Book Club


Book Club Meetings

Join us on the 1st Wednesday of every month from 7:00 p.m. to 8:00 p.m. for the book club. You must be at least 16 years old to participate.

Books are available for check out at the front desk with your library card. Tell the staff member you are checking out a copy of that month’s library book club title.

Book Club Selections

Becoming

July Title

Becoming by Michelle Obama

  • Discussion held August 7th.

An intimate, powerful, and inspiring memoir by the former First Lady of the United States
 
#1 NEW YORK TIMES BESTSELLER • OPRAH’S BOOK CLUB PICK • NAACP IMAGE AWARD WINNER

In a life filled with meaning and accomplishment, Michelle Obama has emerged as one of the most iconic and compelling women of our era. As First Lady of the United States of America—the first African American to serve in that role—she helped create the most welcoming and inclusive White House in history, while also establishing herself as a powerful advocate for women and girls in the U.S. and around the world, dramatically changing the ways that families pursue healthier and more active lives, and standing with her husband as he led America through some of its most harrowing moments. Along the way, she showed us a few dance moves, crushed Carpool Karaoke, and raised two down-to-earth daughters under an unforgiving media glare.  

Library Book

August Title

The Library Book by Susan Orlean

  • Discussion held September 4th. 

A REESE WITHERSPOON x HELLO SUNSHINE BOOK CLUB PICK

A WASHINGTON POST TOP 10 BOOK OF THE YEAR * A NEW YORK TIMES BESTSELLER and NEW YORK TIMES NOTABLE BOOK OF 2018

“A constant pleasure to read…Everybody who loves books should check out The Library Book.” —The Washington Post

“CAPTIVATING…DELIGHTFUL.” —Christian Science Monitor * “EXQUISITELY WRITTEN, CONSISTENTLY ENTERTAINING.” —The New York Times * “MESMERIZING…RIVETING.” —Booklist (starred review)

A dazzling love letter to a beloved institution—and an investigation into one of its greatest mysteries—from the bestselling author hailed as a “national treasure” by The Washington Post.

other typist

September Title

Other Typist by Suzanne Rindell

  • Discussion held October 2nd. 

A Kirkus Reviews Best Book of the Year, this haunting debut novel is set against the background of New York City in the 1920s…

Confessions are Rose Baker’s job. A typist for the New York City Police Department, she sits in judgment like a high priestess. Criminals come before her to admit their transgressions, and, with a few strokes of the keys before her, she seals their fate. But while she may hear about shootings, knifings, and crimes of passion, as soon as she leaves the room, she reverts to a dignified and proper lady. Until Odalie joins the typing pool.

As Rose quickly falls under the stylish, coquettish Odalie’s spell, she is lured into a sparkling underworld of speakeasies and jazz. And what starts as simple fascination turns into an obsession from which she may never recover.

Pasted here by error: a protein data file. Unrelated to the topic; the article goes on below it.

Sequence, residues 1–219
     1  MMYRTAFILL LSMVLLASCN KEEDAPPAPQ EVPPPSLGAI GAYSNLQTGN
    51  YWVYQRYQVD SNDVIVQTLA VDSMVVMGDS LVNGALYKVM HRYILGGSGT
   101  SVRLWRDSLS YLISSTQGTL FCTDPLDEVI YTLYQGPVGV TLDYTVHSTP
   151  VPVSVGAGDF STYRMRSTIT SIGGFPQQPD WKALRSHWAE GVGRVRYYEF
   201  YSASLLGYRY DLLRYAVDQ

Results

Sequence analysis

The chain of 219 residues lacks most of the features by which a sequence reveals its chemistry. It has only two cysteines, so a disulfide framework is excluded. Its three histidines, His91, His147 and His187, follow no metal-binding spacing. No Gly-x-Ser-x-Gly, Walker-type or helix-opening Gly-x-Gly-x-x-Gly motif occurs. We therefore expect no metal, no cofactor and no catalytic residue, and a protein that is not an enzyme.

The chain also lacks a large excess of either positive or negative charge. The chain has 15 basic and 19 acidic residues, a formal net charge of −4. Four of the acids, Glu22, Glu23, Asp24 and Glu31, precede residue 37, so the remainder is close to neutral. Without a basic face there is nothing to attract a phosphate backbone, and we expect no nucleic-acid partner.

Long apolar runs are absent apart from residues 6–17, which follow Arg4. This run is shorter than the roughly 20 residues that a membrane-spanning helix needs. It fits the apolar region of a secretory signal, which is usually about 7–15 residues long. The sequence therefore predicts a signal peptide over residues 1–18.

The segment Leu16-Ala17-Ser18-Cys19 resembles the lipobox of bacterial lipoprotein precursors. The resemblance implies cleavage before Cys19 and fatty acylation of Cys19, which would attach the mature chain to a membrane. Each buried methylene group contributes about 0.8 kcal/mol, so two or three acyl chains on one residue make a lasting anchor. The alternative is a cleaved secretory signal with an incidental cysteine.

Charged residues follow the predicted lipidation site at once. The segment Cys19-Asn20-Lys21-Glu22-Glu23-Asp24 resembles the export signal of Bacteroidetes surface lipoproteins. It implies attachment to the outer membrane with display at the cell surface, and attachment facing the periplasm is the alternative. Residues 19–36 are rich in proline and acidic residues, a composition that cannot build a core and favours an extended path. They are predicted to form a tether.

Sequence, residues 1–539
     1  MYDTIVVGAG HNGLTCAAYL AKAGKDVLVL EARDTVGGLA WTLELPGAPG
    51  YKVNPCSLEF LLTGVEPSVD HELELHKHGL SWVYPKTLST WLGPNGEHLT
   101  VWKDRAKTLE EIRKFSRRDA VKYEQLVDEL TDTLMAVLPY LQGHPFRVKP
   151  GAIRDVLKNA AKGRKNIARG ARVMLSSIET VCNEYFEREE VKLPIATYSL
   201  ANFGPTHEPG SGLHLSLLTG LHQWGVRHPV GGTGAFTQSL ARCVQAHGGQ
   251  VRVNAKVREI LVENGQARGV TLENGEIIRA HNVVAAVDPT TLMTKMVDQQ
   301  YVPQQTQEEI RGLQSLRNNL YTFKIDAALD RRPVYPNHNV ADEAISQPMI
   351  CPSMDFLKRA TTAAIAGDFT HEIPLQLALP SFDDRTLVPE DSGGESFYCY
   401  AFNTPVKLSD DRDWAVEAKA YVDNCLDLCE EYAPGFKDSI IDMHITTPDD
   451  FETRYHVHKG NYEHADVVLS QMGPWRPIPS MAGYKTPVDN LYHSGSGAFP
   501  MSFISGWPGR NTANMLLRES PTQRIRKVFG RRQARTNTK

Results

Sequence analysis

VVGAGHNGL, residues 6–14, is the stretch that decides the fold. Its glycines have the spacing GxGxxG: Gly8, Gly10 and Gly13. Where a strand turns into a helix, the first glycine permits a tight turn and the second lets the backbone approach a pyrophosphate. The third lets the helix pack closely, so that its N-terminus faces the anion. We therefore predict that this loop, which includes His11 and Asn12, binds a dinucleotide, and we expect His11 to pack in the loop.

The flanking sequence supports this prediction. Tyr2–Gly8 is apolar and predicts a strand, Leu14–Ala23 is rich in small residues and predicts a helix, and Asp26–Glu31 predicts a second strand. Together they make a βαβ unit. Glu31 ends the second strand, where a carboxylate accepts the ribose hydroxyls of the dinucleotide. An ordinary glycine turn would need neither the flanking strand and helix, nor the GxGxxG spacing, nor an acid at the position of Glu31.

last to see me

October Title

The Last to See Me by M. Dressler

  • Discussion held November 6th. 

Book Pipeline 2017 Grand Prize Winner
Winner of the Audiofile Magazine 2018 Earphones Award for Fiction


For fans of Lauren Oliver and Kazuo Ishiguro, The Last to See Me is a spellbinding American ghost story deftly weaving past and present into an unforgettable narrative about a young woman's fight for a life of her own—long after her life is over. 

evicted

November Title

Evicted by Matthew Desmond

  • Discussion held December 4th. 

NEW YORK TIMES BESTSELLER • WINNER OF THE PULITZER PRIZE • One of the most acclaimed books of our time, this modern classic “has set a new standard for reporting on poverty” (Barbara Ehrenreich, The New York Times Book Review).

In Evicted, Princeton sociologist and MacArthur “Genius” Matthew Desmond follows eight families in Milwaukee as they each struggle to keep a roof over their heads. Hailed as “wrenching and revelatory” (The Nation), “vivid and unsettling” (New York Review of Books), Evicted transforms our understanding of poverty and economic exploitation while providing fresh ideas for solving one of twenty-first-century America’s most devastating problems. Its unforgettable scenes of hope and loss remind us of the centrality of home, without which nothing else is possible.

goose girl

December Title

The Goose Girl by Shannon Hale

  • Discussion held January 8th

In this beloved first book in the Books of Bayern, from New York Times bestselling author Shannon HalePrincess Ani must become a goose girl before she can become queen.

Anidori-Kiladra Talianna Isilee, Crown Princess of Kildenree, spends the first years of her life listening to her aunt's stories and learning the language of the birds, especially the swans. As she grows up, Ani develops the skills of animal speech, but she never feels quite comfortable speaking with people.

So when Ani's mother sends her away to be married in a foreign land, she finds herself at the mercy of her silver-tongued lady in waiting, who leads a mutiny that leaves her alone, destitute, and fleeing for her life. To survive, Ani takes on work as a royal goose girl, hiding in plain sight while she develops her forbidden talents and works to discover her own true, powerful voice.

The first book in master storyteller Shannon Hale's beloved Books of Bayern series is equal parts fantastical and romantic, with an unforgettable protagonist to root for at its center.



 
 
Hate U Give

June Title

The Hate U Give by Angie Thomas

  • Discussion held July 3rd

Sixteen-year-old Starr Carter moves between two worlds: the poor neighborhood where she lives and the fancy suburban prep school she attends. The uneasy balance between these worlds is shattered when Starr witnesses the fatal shooting of her childhood best friend Khalil at the hands of a police officer. Khalil was unarmed.

And don't miss On the Come Up, Angie Thomas's powerful follow-up to The Hate U Give.